The U.S. Postal Service confirmed yesterday that it extended its contract with Ion Beam Applications Inc. to sanitize mail from possible anthrax contamination for three more months.
The extension cost $2.4 million, the same as for the original three-month contract signed in November. The company's irradiation facility in Bridgeport, NJ, began sanitizing mail that month that had been inside the processing and distribution center in Trenton, NJ, when it temporarily closed Oct. 18.
USPS spokesman Gerry Kreinkamp said the money will come from the $175 million Homeland Security appropriation allocated by the White House to the USPS last year. The USPS will also receive $500 million as part of a $318 billion defense appropriations bill President Bush signed into law last month. The money is to be used for additional security measures, not to help the agency make up for any lost revenue from lower mail volume since the Sept. 11 attacks. The bill covers appropriations through Sept. 30. Postal officials have to send a report to Congress detailing how they will spend the $500 million, and will do so in the next few weeks.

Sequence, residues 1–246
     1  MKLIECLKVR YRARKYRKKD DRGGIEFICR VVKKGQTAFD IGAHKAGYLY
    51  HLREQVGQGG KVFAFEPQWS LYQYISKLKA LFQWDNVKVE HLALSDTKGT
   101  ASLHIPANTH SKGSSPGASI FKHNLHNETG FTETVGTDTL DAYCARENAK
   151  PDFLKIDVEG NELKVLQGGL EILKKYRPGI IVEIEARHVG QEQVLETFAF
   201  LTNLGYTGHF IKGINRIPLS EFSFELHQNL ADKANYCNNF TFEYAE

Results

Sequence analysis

Ion Beam Applications is sanitizing mail going to federal offices by using electron beam/X-ray technology. Currently, only mail addressed to federal offices in Washington is being irradiated. About 350,000 pieces are being irradiated daily.
The announcement follows reports of illness and allergic reactions among people in the Washington area handling irradiated mail.
Meanwhile, Bush sent Congress a $2.13 trillion budget yesterday for fiscal year 2003 that would provide $38 billion in new spending for homeland security. But little of that is earmarked for the USPS.